The Pittsburgh Steelers promoted wide receiver Johnny Holton from their practice squad on Saturday and while that transaction wasn’t a jaw-dropping one in the grand scheme of all things related to special teams, the fact that he was the recipient of the first deep pass in Sunday night’s game against the New England Patriots was a bit of a surprise. After all, Steelers second-year wide receiver James Washington would’ve been the odds-on bet to get the first deep pass attempt Sunday night against the Patriots and many would’ve bet that Holton wouldn’t have played a single offensive snap in that contest barring any injuries to the other five wide receivers.
While Washington did technically start the Sunday night game against the Patriots, it was Holton who was on the field instead of him for the first third-down play run by the Steelers offense with 8:07 left in the first quarter. That play, a deep pass from quarterback Ben Roethlisberger to Holton down the right sideline, fell incomplete as a result of not only nice coverage, but the football being under-thrown a bit as well.
After that early third-down play, Holton went on to play just six more offensive snaps the remainder of the game while Washington ended the night having played 35 of the 67 total for the game. On Tuesday, Steelers head coach Mike Tomlin was asked during his weekly press conference if there was something matchup related or otherwise, they kept Washington out of so much of the game against the Patriots.
“I didn’t view a lack of participation for James Washington in the game,” Tomlin said. “I thought we played him a significant amount. He’s a young guy, he’ll continue to carve out a role for himself.”
In case you’re curious, by my count, the Steelers used 11 personnel on 44 plays Sunday night against the Patriots and Washington was in on 17 of those as one of the three wide receivers. However, fellow wide receiver Ryan Switzer was in on 29 of those 44 plays, seven of which Washington was on for. The six plays that Holton was on the field for Sunday night were also 11 personnel grouping plays and neither Washington nor Switzer were on the field for any of those six.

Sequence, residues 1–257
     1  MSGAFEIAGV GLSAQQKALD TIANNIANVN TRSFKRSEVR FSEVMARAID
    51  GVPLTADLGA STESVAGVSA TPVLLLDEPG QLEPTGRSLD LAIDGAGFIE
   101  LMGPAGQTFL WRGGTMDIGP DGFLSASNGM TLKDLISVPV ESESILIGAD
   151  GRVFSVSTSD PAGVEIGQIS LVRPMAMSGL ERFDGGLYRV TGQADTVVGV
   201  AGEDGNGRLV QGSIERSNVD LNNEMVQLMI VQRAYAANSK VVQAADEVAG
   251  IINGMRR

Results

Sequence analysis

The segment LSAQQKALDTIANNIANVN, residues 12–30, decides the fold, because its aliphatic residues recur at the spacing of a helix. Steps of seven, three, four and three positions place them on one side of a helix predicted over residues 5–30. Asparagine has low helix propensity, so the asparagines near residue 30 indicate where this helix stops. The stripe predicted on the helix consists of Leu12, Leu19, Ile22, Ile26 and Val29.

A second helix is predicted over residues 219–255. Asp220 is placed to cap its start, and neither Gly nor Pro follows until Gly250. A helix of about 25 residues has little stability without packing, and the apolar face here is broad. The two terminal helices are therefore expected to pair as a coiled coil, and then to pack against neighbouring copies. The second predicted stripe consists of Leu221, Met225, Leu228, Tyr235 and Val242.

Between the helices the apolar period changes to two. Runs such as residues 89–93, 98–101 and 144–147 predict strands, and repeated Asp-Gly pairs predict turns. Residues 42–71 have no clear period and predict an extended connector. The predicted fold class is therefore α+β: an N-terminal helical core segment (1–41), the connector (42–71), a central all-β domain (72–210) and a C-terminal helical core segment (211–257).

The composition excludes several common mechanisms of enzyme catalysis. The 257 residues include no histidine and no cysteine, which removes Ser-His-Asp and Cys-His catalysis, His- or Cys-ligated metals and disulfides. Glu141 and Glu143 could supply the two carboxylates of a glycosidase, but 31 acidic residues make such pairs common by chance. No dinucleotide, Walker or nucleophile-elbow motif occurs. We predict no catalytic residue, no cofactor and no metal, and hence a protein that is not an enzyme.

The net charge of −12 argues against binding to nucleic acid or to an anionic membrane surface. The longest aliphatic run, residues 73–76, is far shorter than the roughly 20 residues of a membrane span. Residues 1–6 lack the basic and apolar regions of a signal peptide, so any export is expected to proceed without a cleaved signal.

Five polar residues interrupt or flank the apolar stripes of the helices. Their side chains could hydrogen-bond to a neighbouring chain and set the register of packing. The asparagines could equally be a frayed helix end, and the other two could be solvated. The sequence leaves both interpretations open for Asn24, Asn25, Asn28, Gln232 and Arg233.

After being targeted just once in the first half of the Sunday night game, a deep incompletion down the right side, Washington’s second target of the game from Roethlisberger, also a deep pass down the right side of the field early in the second half, found its mark and resulted in a gain of 45 yards. Of the other four targets that Washington received from that catch forward resulted two incompletions, an interception in the end zone and a catch for 6 yards on the third to the last play of the game.
While Switzer did catch all six of the passes thrown his way Sunday night, they gained a total of 29 yards with the longest gain being 8 yards. 17 of Switzer’s 29 yards came after the catch and his average depth of target on those six passes was a mere 2-yards past the original line of scrimmage.
Washington had a great preseason again this year that included him catching four passes more than 40 yards down the field. While Washington’s total snap count of 35 Sunday night should necessarily stick out that much on the stat sheet, the fact that he could have been used a lot more in 11 personal groupings in place of Switzer does.
Will Washington begin seeing more playing time than Switzer moving forward? That indeed certainly should be the case. Additionally, if veteran wide receiver Donte Moncrief has a few more games like he had Sunday night against the Patriots, he should start losing a lot of his offensive snaps to rookie wide receiver Diontae Johnson.